Hypothermia inhibits the proliferation of bone marrow-derived mesenchymal stem cells and increases tolerance to hypoxia by enhancing SUMOylation
- Xiaozhi Liu
- Wenbo Ren
- Zhongmin Jiang
- Zhiguo Su
- Xiaofang Ma
- Yanxia Li
- Rongcai Jiang
- Jianning Zhang
- Xinyu Yang
- Published online on: September 29, 2017 https://doi.org/10.3892/ijmm.2017.3167
Copyright: © Liu et al. This is an open access article distributed under the terms of Creative Commons Attribution License.
Brain injuries range in scope from mild to severe. Severe brain injuries result in permanent neurobiological damage that can produce lifelong deficits to varying degrees (1,2). There are many different types of treatments available for patients with severe brain injury. Surgical treatment may be used to prevent secondary injury by helping to maintain blood flow and oxygen to the brain, and minimizing swelling and pressure (3–5). Intracranial pressure can be decreased by lowering or maintaining body temperature, elevating the head of the bed, keeping the person still and comfortable, ensuring proper breathing and applying hypertensive therapies (1,2,4,6).
Therapeutic or protective hypothermia is an active treatment aimed at achieving and maintaining a specific body temperature for a specific duration of time to improve health outcomes during recovery following a period of suppressed blood flow to the brain (7,8). Targeted temperature management is thought to prevent brain injury through several mechanisms, including decreasing the oxygen demand of the brain, reducing the production of neurotransmitters, such as glutamate and reducing free radicals that may damage the brain (7–10). Recent studies have indicated that hypothermia increases the survival of transplanted cells in a hypoxic environment (11,12); however, the detailed mechanisms are poorly understood.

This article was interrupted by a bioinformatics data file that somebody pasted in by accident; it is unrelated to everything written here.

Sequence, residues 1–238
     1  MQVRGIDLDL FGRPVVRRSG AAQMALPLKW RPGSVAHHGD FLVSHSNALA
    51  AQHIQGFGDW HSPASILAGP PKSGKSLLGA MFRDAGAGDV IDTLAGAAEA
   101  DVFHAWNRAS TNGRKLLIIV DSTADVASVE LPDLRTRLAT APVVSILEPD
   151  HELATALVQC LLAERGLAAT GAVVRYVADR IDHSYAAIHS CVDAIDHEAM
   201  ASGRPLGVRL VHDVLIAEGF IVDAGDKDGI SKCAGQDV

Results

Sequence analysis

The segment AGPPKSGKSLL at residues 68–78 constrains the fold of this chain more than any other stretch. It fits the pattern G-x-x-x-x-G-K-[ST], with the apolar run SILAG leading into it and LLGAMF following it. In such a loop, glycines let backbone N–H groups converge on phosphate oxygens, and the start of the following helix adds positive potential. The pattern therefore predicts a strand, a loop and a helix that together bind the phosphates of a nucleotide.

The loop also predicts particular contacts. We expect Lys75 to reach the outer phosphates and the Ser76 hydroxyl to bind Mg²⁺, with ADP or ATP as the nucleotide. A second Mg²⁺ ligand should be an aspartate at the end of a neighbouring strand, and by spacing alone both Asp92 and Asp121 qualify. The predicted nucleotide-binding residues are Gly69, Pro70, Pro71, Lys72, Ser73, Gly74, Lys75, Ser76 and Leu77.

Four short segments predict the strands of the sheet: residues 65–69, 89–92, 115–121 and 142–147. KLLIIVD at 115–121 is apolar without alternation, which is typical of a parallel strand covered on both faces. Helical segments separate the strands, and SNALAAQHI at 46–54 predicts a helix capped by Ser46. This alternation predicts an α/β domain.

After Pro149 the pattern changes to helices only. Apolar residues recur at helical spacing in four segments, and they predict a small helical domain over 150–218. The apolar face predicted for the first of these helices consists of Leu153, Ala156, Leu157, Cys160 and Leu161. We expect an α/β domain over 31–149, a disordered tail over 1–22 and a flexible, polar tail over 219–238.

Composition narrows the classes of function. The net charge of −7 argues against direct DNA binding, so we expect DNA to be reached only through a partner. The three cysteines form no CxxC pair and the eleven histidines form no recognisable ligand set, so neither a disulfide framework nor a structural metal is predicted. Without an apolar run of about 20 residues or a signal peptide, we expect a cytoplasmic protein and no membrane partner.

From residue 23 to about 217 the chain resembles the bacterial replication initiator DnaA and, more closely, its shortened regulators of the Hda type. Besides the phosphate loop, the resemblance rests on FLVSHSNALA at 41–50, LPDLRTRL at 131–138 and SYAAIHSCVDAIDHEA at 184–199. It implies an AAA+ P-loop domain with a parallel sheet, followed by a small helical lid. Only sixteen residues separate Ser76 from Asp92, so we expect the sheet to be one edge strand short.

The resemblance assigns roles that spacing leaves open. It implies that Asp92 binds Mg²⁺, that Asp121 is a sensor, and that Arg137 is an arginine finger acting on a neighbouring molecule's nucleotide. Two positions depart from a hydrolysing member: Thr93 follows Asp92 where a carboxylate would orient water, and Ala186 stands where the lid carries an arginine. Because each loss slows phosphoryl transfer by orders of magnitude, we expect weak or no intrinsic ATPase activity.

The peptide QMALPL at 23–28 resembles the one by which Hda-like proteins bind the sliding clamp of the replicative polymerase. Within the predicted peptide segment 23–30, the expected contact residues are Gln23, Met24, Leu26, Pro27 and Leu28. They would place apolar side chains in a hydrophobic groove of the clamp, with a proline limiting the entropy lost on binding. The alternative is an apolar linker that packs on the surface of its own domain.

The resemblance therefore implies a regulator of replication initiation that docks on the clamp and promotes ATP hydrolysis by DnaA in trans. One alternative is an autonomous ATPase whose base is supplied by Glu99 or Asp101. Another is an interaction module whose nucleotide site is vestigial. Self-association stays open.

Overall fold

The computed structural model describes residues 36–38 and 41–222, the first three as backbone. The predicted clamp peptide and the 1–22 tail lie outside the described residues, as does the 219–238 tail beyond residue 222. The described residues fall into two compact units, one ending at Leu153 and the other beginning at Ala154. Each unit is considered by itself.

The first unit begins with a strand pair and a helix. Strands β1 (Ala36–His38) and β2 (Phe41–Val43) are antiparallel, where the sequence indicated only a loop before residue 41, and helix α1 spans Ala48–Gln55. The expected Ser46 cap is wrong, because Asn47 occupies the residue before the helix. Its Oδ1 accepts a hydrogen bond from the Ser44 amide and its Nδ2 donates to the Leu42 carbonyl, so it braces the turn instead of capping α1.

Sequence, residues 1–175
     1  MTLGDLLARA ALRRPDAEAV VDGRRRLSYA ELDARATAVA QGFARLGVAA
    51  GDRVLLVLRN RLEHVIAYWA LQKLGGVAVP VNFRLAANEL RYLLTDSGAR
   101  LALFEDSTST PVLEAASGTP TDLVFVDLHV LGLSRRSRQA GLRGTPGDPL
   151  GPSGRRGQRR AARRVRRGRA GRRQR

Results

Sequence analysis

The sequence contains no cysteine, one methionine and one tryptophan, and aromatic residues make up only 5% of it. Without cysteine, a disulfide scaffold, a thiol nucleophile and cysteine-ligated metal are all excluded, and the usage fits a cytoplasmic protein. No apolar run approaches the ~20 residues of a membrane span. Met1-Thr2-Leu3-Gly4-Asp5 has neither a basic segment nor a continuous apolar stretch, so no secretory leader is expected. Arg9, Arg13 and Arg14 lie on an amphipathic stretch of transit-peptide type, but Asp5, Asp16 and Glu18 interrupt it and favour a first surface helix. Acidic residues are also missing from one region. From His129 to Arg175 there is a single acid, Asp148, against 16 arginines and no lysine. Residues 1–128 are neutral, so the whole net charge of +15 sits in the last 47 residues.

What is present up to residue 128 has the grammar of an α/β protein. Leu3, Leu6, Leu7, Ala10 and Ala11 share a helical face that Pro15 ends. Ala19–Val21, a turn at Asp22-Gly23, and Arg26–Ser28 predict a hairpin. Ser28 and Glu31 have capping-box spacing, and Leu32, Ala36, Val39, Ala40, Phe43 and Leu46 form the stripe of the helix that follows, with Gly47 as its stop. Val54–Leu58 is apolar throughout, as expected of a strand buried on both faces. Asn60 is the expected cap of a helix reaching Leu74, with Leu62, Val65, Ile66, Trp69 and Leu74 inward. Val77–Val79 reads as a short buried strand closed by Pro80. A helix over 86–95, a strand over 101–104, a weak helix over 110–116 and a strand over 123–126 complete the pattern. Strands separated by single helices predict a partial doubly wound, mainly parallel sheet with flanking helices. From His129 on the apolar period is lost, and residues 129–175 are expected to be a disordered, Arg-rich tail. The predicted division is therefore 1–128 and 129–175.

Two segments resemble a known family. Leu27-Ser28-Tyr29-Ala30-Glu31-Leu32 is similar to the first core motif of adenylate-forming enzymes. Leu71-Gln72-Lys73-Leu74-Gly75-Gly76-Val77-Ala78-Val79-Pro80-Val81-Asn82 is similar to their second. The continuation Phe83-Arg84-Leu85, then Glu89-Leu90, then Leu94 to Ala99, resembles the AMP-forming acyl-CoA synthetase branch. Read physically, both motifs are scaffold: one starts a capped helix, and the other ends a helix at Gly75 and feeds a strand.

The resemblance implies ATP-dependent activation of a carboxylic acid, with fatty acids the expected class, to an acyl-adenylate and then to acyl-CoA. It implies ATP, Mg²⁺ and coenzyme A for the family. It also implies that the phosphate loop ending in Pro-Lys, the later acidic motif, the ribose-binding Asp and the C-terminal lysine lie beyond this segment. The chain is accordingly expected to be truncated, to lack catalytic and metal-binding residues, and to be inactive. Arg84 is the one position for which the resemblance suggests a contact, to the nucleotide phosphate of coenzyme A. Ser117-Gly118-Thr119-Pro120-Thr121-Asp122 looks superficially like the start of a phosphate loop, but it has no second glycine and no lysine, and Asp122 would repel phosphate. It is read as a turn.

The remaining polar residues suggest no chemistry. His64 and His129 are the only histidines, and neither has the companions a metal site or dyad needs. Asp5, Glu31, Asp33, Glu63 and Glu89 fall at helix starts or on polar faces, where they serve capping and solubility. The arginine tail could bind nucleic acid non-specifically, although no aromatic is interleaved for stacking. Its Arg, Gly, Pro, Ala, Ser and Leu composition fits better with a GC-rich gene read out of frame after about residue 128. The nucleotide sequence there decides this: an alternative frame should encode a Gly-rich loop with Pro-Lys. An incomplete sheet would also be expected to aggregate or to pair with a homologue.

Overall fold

Small ubiquitin-like modifier (SUMO) proteins are a family of small proteins that are covalently attached to and detached from other proteins in cells to modify their function (13). SUMOylation is a post-translational modification involved in various cellular processes, such as nuclear-cytosolic transport, transcriptional regulation, apoptosis, maintaining protein stability, responding to stress and cell cycle progression (14–19). Recent studies have demonstrated that SUMO1/2/3 conjugation is markedly activated in the brain during deep to moderate hypothermia, and that hypothermia induces the nuclear trans-location of the SUMO-conjugating enzyme, Ubc9 (20–22). These functions may lead to the development of novel strategies for preventive and therapeutic interventions with an aim of making neurons more resistant to an adverse environment.
Bone marrow-derived mesenchymal stem cells (BMSCs) are multipotent stem cells capable of differentiating into numerous cell types, including fibroblasts, as well as cartilage, bone, muscle and brain cells (23–26). They secrete a large number of growth factors and cytokines that are critical for the repair of injured tissues (23,24,27). In this study, we determined whether SUMOs and the SUMO cycle are involved in the effects of hypothermia on BMSCs and their role in an adverse environment.